In order to minimise any subsequent impact, we have reached out directly to the owners of these apps with details of the incident and the scope of the impacted data. This information may assist these developers in rectifying any actions taken based on the presence of a record after deletion, during the initial incident.

Unintended cursor behaviour

For some apps, a changed behaviour with cursors was also identified. Upon detailed investigation, the team discovered an unintended change in logic wherein a cursor value is returned as an empty string for the final page of results, as opposed to the previous undefined status. We raised a public bug ticket to track the issue and prioritised fixing it as part of the incident response. The bug was resolved and an update was communicated to developers on February 15, at 05:11 UTC. Additionally, apps executing paginated queries encountered temporary issues in returning the next page using a cursor that was provided just before the cut-over to the new data store. Provided that the apps don't persist the cursor (in accordance with the documented guidelines), this impact is limited to the duration of the cut-over and could be automatically resolved by initiating a new query. The team have since implemented a translation layer to prevent similar impacts in the future, as well as updated our process to provide advanced notifications when such changes are anticipated.


Here is the summary of all the impact created by the two incidents:

  • Delete operations failing: Apps temporarily experienced failures in deleting records from app storage during a 12-hour window, between 05:58 UTC and 18:17 UTC on February 5. For most apps, deletion failures were temporary and have been completely resolved. Permanent delete operations failure impacted a very small number of apps.
  • Latency increase: During a 5-hour period between 18:42 UTC and 23:34 UTC on February 5, a small number of installations were impacted by latency increase and occasional time-outs due to additional read consistency checks.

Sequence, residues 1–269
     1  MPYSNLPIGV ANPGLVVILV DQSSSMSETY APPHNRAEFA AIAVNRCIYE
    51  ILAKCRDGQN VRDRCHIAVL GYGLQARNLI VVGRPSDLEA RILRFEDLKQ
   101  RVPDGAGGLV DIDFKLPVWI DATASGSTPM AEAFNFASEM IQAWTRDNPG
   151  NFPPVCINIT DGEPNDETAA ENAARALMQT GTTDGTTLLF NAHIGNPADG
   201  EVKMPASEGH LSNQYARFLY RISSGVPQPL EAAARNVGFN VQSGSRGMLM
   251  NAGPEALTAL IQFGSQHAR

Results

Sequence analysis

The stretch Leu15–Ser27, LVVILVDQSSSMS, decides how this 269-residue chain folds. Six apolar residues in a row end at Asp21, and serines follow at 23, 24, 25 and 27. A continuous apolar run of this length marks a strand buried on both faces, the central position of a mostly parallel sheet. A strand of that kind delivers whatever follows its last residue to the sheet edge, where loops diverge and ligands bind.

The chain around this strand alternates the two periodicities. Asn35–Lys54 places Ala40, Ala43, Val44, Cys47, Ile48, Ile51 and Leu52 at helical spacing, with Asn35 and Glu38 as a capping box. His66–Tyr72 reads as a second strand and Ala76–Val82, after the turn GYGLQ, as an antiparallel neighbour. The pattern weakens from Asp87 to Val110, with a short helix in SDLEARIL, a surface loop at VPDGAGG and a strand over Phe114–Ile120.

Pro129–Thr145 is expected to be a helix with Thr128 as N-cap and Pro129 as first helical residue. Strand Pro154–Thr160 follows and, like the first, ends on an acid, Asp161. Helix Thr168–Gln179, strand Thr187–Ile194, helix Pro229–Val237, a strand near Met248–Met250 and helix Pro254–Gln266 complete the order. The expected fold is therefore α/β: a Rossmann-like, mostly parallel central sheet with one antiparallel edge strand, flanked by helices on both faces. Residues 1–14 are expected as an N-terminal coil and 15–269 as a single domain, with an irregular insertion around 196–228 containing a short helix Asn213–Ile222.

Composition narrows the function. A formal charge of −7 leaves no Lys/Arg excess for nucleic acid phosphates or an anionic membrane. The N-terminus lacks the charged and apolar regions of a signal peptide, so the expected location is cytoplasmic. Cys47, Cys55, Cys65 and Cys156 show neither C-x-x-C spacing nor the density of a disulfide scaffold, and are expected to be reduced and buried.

• Cursor format change affecting app data retrieval in very limited circumstances: Apps executing paginated queries encountered temporary issues in returning the next page using a cursor that was provided by the old data store just before the cut-over. This impact was limited to the short cut-over period for that app (assuming cursors were not persisted) and resolved automatically when the query restarted.
  • Empty cursor in the last page of paginated queries: Apps that relied on checking for an undefined cursor value to indicate the last page of query results were provided with an empty string cursor value instead. In some cases, this may have resulted in incorrect app behaviour. This impacted the behaviour of a small number of apps for a period of 10 days.


An issue in our deployment pipeline meant a bug fix related to deletions was not promoted to production, before we cut over to the new Forge storage data store. Though we rolled the change out incrementally via a feature flag, a gap in our monitoring meant that we failed to detect the issue before the rollout was completed.